Gstaad: The Last Resort

The wealthy residents of Gstaad, one of Europe’s few remaining bastions of Old World refinement, are waging a war against newly minted billionaires determined to turn the idyllic mountain town into their own gaudy playground. But despite putting up a solid front, the locals are quaking in their fur-lined ski boots.

The resort town of Gstaad likes to congratulate itself on its snow-globe-preserved Alpine charms. Here, change moves at a glacial pace. This has proved both boon and bane to this Galt’s Gulch of billionaires, where from the road, every chalet looks pretty much the same, and they talk about Russians the way people used to talk about Jews in Darien, Conn. If locals ever wandered too far off-piste with the big decisions, Gstaad would risk tumbling into the same precipice as, well, St. Moritz, the girl next door who just couldn’t say no and is now coping with noisy nightclubs and condominiums. And Russians. Anyone who lives in Gstaad also toyed with buying in St. Moritz, hence the rivalry between them; when a United Nations study in 2007 revealed St. Moritz’s wastewater contained traces of cocaine, the local magazine GstaadLife immediately proclaimed, “St. Moritz is the drug capital of the Alps.”


If you are even considering Gstaad as a destination, chances are you don’t need the pronunciation key (that’s Gstaad, with a K). Perhaps you don’t even ski, in which case you are among the estimated 40 percent for whom Gstaad is solely about scene as scenery. And you are obviously not in college, or you’d be leaning toward Verbier or Val d’Isère. Gstaad is the place for people who have graduated to the big-big bucks — and their children with commensurate trust funds, many of whom are enrolled at Le Rosey, whose satellite winter campus is here. (The most expensive private school in the world, at about $110,000 a year, famously keeps students motivated by breaking midday for an afternoon schuss.)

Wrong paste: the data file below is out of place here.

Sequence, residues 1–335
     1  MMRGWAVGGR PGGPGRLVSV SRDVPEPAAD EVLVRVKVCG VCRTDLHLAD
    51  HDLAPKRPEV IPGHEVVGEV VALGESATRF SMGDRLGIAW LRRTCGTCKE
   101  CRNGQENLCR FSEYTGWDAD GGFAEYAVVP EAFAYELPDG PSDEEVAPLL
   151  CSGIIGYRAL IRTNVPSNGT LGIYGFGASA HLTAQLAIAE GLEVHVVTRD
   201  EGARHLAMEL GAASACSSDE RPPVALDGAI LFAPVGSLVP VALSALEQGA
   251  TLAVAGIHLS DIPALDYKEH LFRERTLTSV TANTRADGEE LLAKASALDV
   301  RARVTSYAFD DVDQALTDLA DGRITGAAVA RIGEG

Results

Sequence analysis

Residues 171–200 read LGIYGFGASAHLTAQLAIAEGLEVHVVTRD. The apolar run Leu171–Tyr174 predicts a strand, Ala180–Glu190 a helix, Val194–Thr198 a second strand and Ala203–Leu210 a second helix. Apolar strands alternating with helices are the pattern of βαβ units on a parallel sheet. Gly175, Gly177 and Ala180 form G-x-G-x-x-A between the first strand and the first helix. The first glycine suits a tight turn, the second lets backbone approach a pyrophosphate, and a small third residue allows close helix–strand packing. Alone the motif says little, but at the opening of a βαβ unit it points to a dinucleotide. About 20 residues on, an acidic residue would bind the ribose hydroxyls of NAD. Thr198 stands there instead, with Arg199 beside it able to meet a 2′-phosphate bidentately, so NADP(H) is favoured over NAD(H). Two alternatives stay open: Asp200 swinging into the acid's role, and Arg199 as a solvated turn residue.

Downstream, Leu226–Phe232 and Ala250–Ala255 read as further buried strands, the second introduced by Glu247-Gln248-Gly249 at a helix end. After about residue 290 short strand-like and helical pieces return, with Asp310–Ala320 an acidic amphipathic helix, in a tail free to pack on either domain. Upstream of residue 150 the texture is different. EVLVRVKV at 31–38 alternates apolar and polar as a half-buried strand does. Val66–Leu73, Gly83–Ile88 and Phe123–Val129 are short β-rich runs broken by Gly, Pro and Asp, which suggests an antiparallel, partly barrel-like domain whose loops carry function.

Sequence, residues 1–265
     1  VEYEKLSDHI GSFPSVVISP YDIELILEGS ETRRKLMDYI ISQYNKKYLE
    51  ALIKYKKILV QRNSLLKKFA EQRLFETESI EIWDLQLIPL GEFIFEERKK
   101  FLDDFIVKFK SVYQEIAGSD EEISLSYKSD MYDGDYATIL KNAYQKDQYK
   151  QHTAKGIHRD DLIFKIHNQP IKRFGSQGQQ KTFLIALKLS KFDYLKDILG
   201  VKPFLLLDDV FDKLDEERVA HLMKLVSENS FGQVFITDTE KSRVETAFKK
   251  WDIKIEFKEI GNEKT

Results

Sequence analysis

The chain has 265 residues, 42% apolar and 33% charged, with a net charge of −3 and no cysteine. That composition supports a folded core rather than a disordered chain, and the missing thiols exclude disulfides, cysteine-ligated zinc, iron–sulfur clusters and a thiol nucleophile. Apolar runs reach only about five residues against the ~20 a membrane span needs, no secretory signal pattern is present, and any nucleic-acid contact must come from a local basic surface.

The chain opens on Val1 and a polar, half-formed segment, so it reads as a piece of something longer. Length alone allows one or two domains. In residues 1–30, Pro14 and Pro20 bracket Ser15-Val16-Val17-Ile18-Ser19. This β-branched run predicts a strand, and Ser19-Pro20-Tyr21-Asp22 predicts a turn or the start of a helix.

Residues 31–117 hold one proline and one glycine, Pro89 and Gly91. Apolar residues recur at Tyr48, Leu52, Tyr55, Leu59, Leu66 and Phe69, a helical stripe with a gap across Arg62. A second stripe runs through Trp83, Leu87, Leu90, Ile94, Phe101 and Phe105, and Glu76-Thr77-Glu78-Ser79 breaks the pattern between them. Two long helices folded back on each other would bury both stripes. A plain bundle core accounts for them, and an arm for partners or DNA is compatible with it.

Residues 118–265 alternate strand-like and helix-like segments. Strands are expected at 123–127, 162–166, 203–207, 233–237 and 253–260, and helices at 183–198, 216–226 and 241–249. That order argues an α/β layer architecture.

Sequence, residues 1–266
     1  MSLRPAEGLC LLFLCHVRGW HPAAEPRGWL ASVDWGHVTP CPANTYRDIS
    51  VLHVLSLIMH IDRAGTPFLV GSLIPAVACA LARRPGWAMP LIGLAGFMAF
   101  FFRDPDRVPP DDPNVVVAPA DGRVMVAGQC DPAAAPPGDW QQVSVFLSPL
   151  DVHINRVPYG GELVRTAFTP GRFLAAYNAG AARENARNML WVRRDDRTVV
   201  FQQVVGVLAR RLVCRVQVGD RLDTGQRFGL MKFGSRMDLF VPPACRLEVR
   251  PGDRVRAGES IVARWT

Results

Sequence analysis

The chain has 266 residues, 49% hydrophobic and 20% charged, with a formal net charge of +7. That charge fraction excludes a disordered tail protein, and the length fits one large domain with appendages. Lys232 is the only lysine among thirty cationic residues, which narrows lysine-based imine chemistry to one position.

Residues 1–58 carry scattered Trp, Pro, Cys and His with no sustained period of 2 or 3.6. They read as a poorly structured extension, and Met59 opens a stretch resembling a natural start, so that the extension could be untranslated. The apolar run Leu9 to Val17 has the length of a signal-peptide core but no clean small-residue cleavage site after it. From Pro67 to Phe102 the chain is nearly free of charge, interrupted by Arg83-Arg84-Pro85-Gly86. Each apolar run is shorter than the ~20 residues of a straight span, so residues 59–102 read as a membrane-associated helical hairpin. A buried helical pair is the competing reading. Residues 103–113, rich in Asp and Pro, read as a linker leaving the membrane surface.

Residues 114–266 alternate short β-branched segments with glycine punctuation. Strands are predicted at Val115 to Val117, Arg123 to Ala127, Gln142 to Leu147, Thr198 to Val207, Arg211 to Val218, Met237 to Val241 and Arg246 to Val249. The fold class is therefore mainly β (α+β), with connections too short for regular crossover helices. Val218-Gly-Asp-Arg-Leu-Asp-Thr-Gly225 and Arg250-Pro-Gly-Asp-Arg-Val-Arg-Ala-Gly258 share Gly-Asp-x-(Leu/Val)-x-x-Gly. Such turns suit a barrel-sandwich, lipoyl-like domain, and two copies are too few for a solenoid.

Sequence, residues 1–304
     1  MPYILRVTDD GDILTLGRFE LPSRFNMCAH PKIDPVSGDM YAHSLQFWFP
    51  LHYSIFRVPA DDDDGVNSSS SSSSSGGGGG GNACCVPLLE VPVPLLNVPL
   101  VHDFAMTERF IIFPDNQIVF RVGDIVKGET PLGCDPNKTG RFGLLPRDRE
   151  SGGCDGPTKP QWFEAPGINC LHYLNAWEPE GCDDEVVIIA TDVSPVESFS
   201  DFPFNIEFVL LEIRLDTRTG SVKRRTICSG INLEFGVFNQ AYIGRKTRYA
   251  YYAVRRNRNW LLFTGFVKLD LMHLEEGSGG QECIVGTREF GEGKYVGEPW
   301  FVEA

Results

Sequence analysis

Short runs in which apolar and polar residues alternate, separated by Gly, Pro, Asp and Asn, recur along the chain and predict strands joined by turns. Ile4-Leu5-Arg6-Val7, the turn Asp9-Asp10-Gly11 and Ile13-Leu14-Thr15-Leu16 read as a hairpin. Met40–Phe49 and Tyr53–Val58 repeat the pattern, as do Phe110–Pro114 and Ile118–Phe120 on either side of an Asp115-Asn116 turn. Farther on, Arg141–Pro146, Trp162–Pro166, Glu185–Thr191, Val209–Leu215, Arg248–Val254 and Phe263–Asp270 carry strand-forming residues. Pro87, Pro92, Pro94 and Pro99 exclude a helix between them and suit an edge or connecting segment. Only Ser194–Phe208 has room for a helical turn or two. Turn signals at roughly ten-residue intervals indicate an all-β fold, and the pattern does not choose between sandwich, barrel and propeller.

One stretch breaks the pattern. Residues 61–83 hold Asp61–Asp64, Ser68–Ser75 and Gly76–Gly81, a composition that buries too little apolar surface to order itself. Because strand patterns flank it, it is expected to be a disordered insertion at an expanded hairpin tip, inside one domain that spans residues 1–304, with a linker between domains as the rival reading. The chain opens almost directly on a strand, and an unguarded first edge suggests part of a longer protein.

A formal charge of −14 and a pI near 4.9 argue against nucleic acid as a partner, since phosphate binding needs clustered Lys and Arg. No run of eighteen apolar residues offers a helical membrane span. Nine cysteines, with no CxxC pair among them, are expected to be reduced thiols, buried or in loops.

Twenty years ago, the German art collector Friedrich Christian “Mick” Flick picked Gstaad over St. Moritz as his primary residence for the quiet. “St. Moritz is dramatic. This is soft, charming. The dinners are more private. The chalets, more expensive,” he says in a surprising basso profundo. “Gstaad doesn’t really act like the rest of Switzerland. It’s unique, like an independent principality of Gstaad,” explains Cedric Notz, the 40-year-old son of Peter Notz, one of a trio of Euro playboys invariably described as “founders of the town” — the other two being Gunter Sachs, who killed himself here in 2011, and Flick, who misses the open house his great friend Peter kept for a decade….

To read the complete article visit the NYT: